Marburg virus is a deadly pathogen that causes Marburg disease a severe viral hemorrhagic fever, named after the city in Germany, where the first outbreak occurred in 1967.
The virus has had several outbreaks across the world since then, with much research focus on its structure and transmission method due to its unusual nature.
"Colorized Marburg virus particles viewed with a transmission electron microscope" by Microbe World is licensed under CC BY-NC-SA 2.0
Marburg virus background and taxonomy
Marburg virus is part of the Filoviridae family, along with another zoonotic disease: ebola. Although it is a single species, different lineages of the Marburg virus differ from one another by up to 21% at the nucleotide level.
Compared to other viral species, the Marburg virus is quite slow to mutate and does not have a comparatively large variation between strains. The reason behind this is not well known, but it is of interest to researchers focusing on more rapidly evolving pathogens such as HIV.
Marburg virus has an unusual shape. They are pleomorphic in shape, which means they can be a number of different shapes are rod-like or ring-like, crook- or six-shaped, or with branched structures.
Research has indicated that around 30% of viral particles are filamentous, 37% are six-shaped, and 33% are round. This has been at odds with other research, which found that all Marburg virus particles were 80 nm in diameter (compared to the other study’s mean of 91 nm) but that they varied greatly in length.
The membrane of Marburg virus particles is derived from the host and coated with spikes made of the viral glycoprotein. These assist in attachment, receptor binding, and fusion. The glycoproteins are among the largest proteins in Marburg viral particles.
At the core of the viral particle is the ribonucleoprotein complex, also called the nucleocapsid, which is made up of the viral RNA genome and its associated nucleocapsid proteins. The nucleocapsids are tubular structures that remain tightly associated with the RNA genome and give it its helical shape.
Marburg virus is a zoonotic disease, meaning it persists in an animal population and is then spread to humans. People infected with the Marburg virus from exposure to an infected animal will then pass it on to other humans.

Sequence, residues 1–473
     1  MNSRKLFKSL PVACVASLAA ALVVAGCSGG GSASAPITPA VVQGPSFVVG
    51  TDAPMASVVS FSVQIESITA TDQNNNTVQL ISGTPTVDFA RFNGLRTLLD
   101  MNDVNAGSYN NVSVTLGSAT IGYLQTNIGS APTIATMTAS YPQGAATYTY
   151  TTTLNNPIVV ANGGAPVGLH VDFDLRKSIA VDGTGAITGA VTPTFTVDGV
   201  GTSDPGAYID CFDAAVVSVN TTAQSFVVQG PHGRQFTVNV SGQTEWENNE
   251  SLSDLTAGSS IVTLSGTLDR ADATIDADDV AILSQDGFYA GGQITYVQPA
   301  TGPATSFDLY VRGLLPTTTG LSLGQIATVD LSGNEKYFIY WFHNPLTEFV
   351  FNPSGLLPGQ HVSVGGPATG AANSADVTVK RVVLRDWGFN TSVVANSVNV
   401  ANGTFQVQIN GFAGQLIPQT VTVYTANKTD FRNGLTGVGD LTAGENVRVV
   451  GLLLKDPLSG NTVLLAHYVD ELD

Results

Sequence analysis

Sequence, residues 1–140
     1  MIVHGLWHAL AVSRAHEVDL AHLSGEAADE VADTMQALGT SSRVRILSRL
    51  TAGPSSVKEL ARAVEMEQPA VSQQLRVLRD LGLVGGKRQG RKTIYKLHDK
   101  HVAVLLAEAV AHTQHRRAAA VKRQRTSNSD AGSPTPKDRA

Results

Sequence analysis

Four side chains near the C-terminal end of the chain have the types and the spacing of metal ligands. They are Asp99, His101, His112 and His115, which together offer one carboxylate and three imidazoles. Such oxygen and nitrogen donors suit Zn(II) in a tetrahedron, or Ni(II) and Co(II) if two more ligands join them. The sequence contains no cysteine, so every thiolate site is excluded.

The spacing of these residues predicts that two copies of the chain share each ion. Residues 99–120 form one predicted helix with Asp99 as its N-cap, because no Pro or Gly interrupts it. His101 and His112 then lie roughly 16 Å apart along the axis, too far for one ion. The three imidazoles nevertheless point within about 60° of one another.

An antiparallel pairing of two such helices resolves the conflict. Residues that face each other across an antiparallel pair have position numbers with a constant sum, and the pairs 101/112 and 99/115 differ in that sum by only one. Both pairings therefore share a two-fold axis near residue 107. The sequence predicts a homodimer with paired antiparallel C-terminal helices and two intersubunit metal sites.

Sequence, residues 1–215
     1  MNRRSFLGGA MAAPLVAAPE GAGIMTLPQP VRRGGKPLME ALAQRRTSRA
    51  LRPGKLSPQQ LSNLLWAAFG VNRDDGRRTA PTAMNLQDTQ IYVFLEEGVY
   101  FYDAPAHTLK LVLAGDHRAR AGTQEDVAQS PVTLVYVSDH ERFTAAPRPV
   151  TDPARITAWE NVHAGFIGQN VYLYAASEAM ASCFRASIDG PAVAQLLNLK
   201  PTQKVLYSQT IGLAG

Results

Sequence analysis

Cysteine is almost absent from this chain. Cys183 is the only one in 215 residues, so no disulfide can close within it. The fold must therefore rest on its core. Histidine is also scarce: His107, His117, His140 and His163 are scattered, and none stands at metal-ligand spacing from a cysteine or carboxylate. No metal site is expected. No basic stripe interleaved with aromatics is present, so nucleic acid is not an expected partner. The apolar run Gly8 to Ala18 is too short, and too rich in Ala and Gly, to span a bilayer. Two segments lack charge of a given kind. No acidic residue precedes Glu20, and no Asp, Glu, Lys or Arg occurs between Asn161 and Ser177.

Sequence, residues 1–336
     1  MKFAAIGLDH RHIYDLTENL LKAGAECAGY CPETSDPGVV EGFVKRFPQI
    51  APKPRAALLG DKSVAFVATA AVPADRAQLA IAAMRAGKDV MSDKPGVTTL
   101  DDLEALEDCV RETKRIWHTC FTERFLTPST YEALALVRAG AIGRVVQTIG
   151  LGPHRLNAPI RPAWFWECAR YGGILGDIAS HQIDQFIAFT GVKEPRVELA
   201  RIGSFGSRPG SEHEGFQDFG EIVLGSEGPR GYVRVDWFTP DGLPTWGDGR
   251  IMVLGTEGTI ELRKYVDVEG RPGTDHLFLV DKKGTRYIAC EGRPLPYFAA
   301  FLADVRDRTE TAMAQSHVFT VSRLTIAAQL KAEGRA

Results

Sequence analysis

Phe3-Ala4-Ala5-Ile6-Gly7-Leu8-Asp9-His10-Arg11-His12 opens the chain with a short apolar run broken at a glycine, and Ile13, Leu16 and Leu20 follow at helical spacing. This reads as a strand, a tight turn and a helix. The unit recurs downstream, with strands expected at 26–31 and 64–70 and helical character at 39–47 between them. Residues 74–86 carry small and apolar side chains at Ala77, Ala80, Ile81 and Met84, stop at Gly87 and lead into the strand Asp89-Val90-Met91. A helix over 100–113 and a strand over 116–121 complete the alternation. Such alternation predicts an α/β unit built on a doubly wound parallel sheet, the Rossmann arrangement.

The zoonotic nature of the Marburg virus means that there are certain hypothetical limits to where outbreaks can occur outside the laboratory. Its ecological area, where it has suitable hosts, are in certain areas of eastern, south-central Africa where the climate is dry and open.
For example, the outbreak in Angola was found to have been ecologically predicted, but it was the first occurrence that couldn’t be traced to eastern Africa. The original German outbreak came from imported monkeys.
Human to human transmission occurs via direct contact of bodily fluids, such as saliva, sweat, stool, and breast milk.
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Research shows that the virus has been found in tears and semen, in addition to the liver even weeks or months after symptoms appear. However, research suggests that transmission of Marburg virus from an infected human is generally unlikely, except when in close contact without protective equipment such as during treatment without barrier nursing or certain burial practices.
Studying the replication cycle of the Marburg virus is done stepwise, where versions of the virus that lack certain elements to stop them from becoming dangerous are used. While this offers insight into the entry, replication, and budding, they lack the morphological features and protein composition of real Marburg viral particles.
In general, Marburg virus entry into infected cells consists of attachment, endocytosis, and fusion. Both attachment and fusion are mediated by Marburg virus glycoprotein, where it binds to different types of C-type lectins or TAM receptor protein kinases. The method by which endocytosis occurs is not well understood but might occur similarly to the ebola virus, to which it is related.
Transcription and replication of the viral RNA genome occur after the nucleocapsid is released into the infected cell. Seven monocistronic mRNAs are transcribed and encapsidated by the nucleocapsid proteins.
The new nucleocapsids are subsequently recruited to sites where virus budding occurs. Glycoproteins are recruited to the budding sites, where VP40 induces the formation and release of filamentous virus-like particles.